The quote from Facebook in the article talks about “using our social tool as a tool for social change” and this is perhaps the most interesting part of the whole thing.

Now – I have huge doubts about the integrity of an environment like Facebook when discussed in terms of social change. I think that underlying design assumptions are enormously important and I think that Facebook is based on the idea of selling advertising and not on the idea of helping people get away from their computers. However – like it or not Facebook is currently one of our largest networked publics (good article on this here) and as such we need to pay attention to this first foray by government into actually using it to effect social change.

PS  I couldn’t find an ‘official’ press release but will keep an eye out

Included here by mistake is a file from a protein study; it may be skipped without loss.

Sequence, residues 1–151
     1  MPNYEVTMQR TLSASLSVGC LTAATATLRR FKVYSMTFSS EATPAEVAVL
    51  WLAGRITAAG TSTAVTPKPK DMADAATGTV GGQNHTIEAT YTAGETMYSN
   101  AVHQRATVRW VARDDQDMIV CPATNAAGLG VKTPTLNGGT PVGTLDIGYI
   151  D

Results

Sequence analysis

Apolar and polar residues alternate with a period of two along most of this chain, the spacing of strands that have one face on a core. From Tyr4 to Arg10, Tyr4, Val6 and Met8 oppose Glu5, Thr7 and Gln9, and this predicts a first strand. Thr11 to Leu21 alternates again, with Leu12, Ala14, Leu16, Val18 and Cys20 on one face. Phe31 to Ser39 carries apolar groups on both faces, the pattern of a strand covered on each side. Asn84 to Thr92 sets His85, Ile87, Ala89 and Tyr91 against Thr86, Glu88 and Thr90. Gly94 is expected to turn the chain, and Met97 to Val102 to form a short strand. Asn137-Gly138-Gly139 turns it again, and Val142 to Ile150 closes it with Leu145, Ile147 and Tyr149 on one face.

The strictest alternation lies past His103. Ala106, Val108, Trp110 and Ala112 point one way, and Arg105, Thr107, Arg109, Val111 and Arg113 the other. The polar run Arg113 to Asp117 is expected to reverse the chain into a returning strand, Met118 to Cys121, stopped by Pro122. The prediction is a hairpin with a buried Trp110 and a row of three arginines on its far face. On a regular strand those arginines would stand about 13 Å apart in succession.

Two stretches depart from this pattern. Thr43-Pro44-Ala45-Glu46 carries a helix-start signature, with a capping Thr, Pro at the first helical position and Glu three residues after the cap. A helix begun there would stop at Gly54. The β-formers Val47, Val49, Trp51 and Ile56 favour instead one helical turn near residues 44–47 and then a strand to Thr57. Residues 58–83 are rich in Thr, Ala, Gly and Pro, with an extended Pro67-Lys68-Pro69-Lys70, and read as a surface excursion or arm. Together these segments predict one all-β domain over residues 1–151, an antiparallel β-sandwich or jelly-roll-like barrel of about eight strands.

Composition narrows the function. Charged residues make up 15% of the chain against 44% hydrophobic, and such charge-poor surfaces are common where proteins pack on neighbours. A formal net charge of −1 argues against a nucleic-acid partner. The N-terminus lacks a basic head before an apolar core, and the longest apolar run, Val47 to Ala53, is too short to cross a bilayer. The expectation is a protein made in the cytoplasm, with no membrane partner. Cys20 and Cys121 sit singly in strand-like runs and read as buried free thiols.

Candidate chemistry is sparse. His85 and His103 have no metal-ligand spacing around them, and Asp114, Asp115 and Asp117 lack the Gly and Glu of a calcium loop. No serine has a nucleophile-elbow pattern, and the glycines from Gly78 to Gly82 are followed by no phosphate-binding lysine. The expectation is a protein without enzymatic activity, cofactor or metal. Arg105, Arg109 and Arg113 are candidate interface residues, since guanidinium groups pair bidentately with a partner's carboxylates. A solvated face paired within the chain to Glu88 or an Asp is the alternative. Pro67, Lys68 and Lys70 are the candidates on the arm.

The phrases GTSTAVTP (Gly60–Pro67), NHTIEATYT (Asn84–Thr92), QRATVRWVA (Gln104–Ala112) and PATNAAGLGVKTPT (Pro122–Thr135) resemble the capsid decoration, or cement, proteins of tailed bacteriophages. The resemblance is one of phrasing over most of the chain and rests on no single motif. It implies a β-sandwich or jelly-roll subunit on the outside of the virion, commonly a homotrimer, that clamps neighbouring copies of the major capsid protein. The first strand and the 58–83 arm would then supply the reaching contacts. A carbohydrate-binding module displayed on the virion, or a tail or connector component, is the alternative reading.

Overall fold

PPS As you can see its a new look for the blog – I think theme browsing on WordPress may have been developed as the perfect time waster. Please feel free to let me know what you think of it!

Just been at the eDem09 conference in Vienna – I will post properly once I am on a proper keyboard and not the phone one but just wanted to capture the headlines:

* lots of talking about social networks and I think a big question was posed as to whether or not politics and democracy can support an entire networked public or, as I believe, we need to be harvesting the discussions from exisiting sites
* The technologists are thankfully dominating the field less and there were great contributions from political scientists, sociologists and media studies/journalism folks
* lots of stuff made me think about ‘the tragedy of the commons’ – more on that later
* will be reading more about self-efficacy thanks to Peter Cruikshank

one last thought – these is still no real sense of which academic field all this falls into and I guess there won’t be one as we gradually drop the ‘e’ and start talking just about democracy and participation.

More anon